Why the “Build Better” bill is not socialism (opinion of Michael T. Hayes)

Michael T. Hayes is Professor of Political Science at Colgate University.

As President Joe Biden finally signs the bipartisan infrastructure bill and pushes for passage of the “Build Back Better Bill”, Republicans in Congress are once again invoking the specter of socialism to frighten their base.

This accusation is not true, and anyone who has taken a basic economics course or two can tell you why. Free markets, when functioning properly, are extremely effective. But markets don’t always work perfectly for reasons which I will outline below.

When markets fail, we can either get rid of them altogether and replace them with a government-controlled economy (socialism), or we can fix the markets so that they produce efficient results again. Mainstream economists – Republicans and Democrats – agree that when markets fail, it’s better to fix their shortcomings rather than replace them altogether.

For example, for markets to function properly, consumers must have all the information they need to make rational decisions. This is not always true; think of the mobile phone plan market with all those hidden charges that make it so difficult to decide which plan is right for you. The government may need to step in to provide information to consumers or require companies to disclose the true costs of their products. For example, the Office of the Aging will help you sort through the bewildering variety of Medicare gap programs that offer very different benefits and charge very different premiums.

Second, in a monopoly market, a single seller can raise prices above what they would be if the market were competitive. While markets with only a handful of sellers work a little differently, the result is usually higher prices than those in a competitive market. The government can legitimately intervene to promote competition. Utilities are generally licensed monopolies, so the government regulates the rates they can charge.

Third, some transactions between buyers and sellers impose costs on third parties. Water pollution harms people who live downstream; air pollution affects the health of people who live far from a factory or utility. In such circumstances, the free market works by supply and demand, as always, but the result is no longer effective: the polluting good will be undervalued and we will have more good (and more pollution) than we do. shouldn’t. But such market failures can be corrected. For example, a well-designed carbon tax would make the free market more efficient by reducing carbon emissions.

Fourth, some goods are genuinely public because they are automatically accessible to everyone. National defense is probably the best example here. Infrastructure (roads, highways, bridges, water pipes, broadband, etc.) is another. Because these goods cannot be denied to people who refuse to pay for them, free markets will not produce them efficiently. As a general rule, the government must provide pure public goods if they are to be provided. The bipartisan infrastructure bill that recently became law finances public goods that the market will never deliver.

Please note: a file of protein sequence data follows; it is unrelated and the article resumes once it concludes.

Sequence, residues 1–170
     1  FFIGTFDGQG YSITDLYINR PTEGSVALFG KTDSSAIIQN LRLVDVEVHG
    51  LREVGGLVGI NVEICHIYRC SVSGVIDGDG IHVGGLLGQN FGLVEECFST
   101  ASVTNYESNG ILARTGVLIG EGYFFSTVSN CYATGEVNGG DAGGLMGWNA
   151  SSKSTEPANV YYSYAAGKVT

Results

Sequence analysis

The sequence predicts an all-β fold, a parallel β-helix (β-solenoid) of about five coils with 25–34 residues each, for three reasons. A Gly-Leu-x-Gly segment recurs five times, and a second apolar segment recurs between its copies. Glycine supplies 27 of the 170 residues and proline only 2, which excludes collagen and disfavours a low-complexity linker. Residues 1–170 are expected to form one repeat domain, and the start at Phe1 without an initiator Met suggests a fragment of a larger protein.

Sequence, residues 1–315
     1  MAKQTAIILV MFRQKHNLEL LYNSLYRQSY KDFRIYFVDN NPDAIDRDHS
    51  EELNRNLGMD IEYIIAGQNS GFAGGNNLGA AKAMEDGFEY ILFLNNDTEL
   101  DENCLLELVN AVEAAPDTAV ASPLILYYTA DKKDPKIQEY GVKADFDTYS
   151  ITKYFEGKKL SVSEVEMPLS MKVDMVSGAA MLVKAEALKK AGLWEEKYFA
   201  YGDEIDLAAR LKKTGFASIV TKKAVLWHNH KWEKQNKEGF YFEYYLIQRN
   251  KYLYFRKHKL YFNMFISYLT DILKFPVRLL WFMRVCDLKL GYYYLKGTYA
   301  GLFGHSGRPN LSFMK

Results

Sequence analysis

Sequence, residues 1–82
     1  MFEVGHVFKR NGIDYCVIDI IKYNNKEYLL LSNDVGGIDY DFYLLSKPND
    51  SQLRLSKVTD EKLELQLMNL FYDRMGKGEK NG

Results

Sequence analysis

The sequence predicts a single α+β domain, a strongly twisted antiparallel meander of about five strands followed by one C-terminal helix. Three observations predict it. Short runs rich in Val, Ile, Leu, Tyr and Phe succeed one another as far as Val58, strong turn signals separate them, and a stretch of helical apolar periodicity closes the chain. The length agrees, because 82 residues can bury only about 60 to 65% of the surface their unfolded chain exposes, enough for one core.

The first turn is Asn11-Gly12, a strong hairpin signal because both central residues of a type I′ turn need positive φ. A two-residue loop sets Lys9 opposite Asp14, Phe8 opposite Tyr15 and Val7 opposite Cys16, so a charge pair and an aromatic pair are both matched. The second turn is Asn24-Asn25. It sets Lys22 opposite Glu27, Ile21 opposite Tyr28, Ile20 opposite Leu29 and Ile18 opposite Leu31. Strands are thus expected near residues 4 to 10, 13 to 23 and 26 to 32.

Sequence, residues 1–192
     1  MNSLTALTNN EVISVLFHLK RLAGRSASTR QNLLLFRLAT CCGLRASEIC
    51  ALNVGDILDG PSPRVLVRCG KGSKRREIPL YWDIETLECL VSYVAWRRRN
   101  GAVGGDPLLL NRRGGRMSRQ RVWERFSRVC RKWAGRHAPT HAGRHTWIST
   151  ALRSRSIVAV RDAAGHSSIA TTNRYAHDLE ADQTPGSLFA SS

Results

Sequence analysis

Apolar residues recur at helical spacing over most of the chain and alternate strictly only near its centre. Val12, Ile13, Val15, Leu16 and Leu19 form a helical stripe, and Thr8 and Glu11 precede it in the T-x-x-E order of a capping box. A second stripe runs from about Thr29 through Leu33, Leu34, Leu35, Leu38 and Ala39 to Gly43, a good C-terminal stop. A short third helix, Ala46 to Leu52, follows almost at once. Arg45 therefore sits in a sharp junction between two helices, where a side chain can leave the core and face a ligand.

The Build Back Better bill currently under negotiation also finances public goods, but of a different nature. This bill would be worth passing just for its climate change provisions. Climate change is already affecting us all: more droughts and wildfires in the western states, both more frequent and intense hurricanes, severe flooding in the southeast, devastating out-of-season tornadoes and the ever-increasing costs of disaster relief.

While critics may legitimately question whether the particular provisions of the President’s Bill are the best way to tackle climate change, or complain that the compromises made the remaining provisions too weak, the most important thing now is to begin. If the climate provisions are in fact weaker than they should be, the insufficiency of even this first step will make a compelling case for further action.

In short, corrective action is needed when markets fail. Professional economists – Republicans and Democrats alike – all realize this. Political candidates who invoke socialism – or communism – to frighten voters shamelessly exploit widespread ignorance of the basic economy.

While there are currently overt socialists in the Democratic Party (Bernie Sanders and Alexandria Ocasio-Cortez being the most prominent), many other Democrats recognize the benefits of capitalism while recognizing the need for government action to correct the failings. of the market. These moderate Democrats, including Joe Biden, represent the vital center between socialists on one side of the debate and anti-government fanatics – and die-hard supporters – on the other.

Related: Biden’s ‘Build Better’ Bill Passes House with Radical Social and Climate Measures